Hilarey and Brian Leonard used to joke that if they had a boy, they would name him Leo Leonard.
They decided not to follow through when their son joined the family three years ago. Instead, they gave the name to their new Annapolis restaurant.
Leo, which opened on West Street in March, is the latest hospitality business for the couple, who also own two Washington, D.C., bars, Free State and Lost & Found. But the 60-seat New American eatery is their first restaurant.
The Leonards, who moved to Annapolis in 2019, were impressed by the community’s embrace of local businesses during the early days of the COVID-19 pandemic. They were searching for an opportunity to join the capital city’s restaurant scene when Dangerously Delicious Pies closed abruptly last summer at 212 West St.
They toured the pie shop’s space and decided to sign a lease last fall. “We loved that it was in the arts district; we loved that it was a little off the beaten path,” Hilarey said. “We kind of just loved the idea of being on West Street.”
Leo offers farm-to-table fare, featuring fresh vegetables, meat and fish sourced from local producers. The restaurant gets greens from Maidstone Farms in Annapolis, steaks from Roseda Farms in Monkton and cheese from Chapel’s Creamery in Easton.
For all the focus on the bounties of the region, you won’t necessarily find crab cakes on the menu.
“There are so many places in Annapolis that have crab cakes and oysters,” Hilarey said. “We wanted to do something a little different.”
The couple brought on friend and former employee Matthew Lego to lead the kitchen at Leo. Lego worked in advertising after graduating with a degree in mass communications from Towson University, but always felt the pull of the hospitality industry. He ended up working as a bartender at Free State and Lost & Found before embarking on a stint in the kitchen at Foraged in Station North.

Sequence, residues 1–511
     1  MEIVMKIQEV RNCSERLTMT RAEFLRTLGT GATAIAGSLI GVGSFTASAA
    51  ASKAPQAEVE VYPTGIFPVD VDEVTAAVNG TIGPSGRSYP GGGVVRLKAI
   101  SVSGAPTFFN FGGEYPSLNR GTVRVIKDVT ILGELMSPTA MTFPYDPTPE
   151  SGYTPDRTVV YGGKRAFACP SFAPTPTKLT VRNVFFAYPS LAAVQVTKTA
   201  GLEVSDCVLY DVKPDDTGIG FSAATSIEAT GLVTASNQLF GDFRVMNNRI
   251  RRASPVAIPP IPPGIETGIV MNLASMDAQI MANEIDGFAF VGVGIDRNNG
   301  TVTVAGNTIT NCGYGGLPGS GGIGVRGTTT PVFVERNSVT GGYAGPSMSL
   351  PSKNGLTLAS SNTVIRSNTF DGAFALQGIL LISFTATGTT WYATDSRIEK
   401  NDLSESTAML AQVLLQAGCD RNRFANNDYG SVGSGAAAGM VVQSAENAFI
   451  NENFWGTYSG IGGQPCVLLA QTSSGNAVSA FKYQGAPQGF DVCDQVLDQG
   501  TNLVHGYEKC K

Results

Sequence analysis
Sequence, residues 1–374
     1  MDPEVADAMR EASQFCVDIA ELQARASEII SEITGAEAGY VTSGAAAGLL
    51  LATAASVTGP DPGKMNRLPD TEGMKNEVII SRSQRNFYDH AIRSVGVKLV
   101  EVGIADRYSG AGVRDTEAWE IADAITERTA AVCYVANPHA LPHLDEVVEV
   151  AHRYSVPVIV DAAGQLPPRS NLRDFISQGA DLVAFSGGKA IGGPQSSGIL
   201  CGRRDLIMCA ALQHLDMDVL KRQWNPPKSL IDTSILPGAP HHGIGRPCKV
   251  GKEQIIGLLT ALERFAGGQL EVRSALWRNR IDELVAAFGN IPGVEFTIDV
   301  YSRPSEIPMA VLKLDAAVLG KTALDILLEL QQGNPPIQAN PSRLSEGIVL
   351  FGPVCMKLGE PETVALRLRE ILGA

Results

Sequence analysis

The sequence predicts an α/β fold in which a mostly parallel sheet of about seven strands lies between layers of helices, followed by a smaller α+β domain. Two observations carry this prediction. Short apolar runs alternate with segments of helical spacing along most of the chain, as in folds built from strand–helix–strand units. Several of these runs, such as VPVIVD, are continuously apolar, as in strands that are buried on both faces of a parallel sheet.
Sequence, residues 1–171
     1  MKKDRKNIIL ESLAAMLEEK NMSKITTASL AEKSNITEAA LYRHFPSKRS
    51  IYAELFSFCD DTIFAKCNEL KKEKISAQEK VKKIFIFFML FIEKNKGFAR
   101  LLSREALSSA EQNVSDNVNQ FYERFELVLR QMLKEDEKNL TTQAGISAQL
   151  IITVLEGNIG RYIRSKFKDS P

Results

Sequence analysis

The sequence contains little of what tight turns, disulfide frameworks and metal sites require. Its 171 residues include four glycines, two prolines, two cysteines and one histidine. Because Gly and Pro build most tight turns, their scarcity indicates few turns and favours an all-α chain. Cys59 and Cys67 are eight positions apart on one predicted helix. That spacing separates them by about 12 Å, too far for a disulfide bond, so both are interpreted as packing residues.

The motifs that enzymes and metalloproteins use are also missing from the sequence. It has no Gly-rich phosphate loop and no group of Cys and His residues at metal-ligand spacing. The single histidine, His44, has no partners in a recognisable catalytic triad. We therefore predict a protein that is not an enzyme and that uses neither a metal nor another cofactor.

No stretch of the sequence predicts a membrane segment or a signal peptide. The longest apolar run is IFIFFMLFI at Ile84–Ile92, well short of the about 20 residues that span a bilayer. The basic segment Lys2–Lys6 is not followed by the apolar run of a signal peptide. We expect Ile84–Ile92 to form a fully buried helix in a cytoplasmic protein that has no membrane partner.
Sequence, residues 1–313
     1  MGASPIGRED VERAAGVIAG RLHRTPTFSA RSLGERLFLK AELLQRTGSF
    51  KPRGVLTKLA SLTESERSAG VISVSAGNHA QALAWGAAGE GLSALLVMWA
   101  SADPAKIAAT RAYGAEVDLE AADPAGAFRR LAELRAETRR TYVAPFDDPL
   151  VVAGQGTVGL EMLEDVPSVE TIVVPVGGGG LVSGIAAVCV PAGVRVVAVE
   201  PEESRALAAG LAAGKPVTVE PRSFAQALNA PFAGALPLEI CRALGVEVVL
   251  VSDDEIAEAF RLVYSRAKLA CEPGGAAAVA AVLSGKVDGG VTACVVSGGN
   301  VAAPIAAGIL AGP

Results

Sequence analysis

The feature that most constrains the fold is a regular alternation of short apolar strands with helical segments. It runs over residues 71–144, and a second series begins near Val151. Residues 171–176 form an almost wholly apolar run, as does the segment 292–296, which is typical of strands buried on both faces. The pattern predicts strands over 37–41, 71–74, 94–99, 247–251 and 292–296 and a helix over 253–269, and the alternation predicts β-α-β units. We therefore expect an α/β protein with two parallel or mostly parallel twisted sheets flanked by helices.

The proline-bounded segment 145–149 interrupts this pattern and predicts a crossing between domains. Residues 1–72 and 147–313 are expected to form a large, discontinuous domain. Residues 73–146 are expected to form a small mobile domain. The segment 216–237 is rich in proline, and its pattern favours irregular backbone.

His menu at Leo is inspired, in part, by the hyperseasonal focus of that Baltimore restaurant. Staple dishes will evolve with the changing of the seasons: a butternut squash risotto, for instance, becomes a spring pea risotto as the weather warms, and an angel food cake topped with fresh strawberries in the spring will feature raspberries or blackberries in the summer.
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“The bones of the dish will remain, but will be very largely determined by what’s available to us,” Lego said.
One year-round staple will be the golden crispy grits, a satisfying plate of fried grits sticks served with pickles and a hot sauce aioli. The grits and corn flour used in the recipe are all produced from the same crop of corn grown at Next Step Produce in Charles County. “It’s like a completely self-contained thing,” Lego said.
The restaurant’s décor is earthy, with forest green and terracotta-colored walls, hanging rattan lamps and plenty of plants. The Leonards commissioned local artist Kimberly George to create textured “sculpture paintings” that hang on the walls. Hilarey, who used to work as a television producer for HGTV, spearheaded the bulk of the restaurant’s design, aside from some carpentry work.
While the restaurant has an elegant look and an extensive cocktail, beer and wine list, the Leonards also want to make it known that Leo is a family-friendly place. That’s one reason they decided to open a restaurant rather than another bar.
“Having a family changed our perspective,” Hilarey said. “It’s nice to go to a place that welcomes people with kids, because that’s what we’re doing now.”
212 West St., Annapolis. 443-782-7549. leoannapolis.com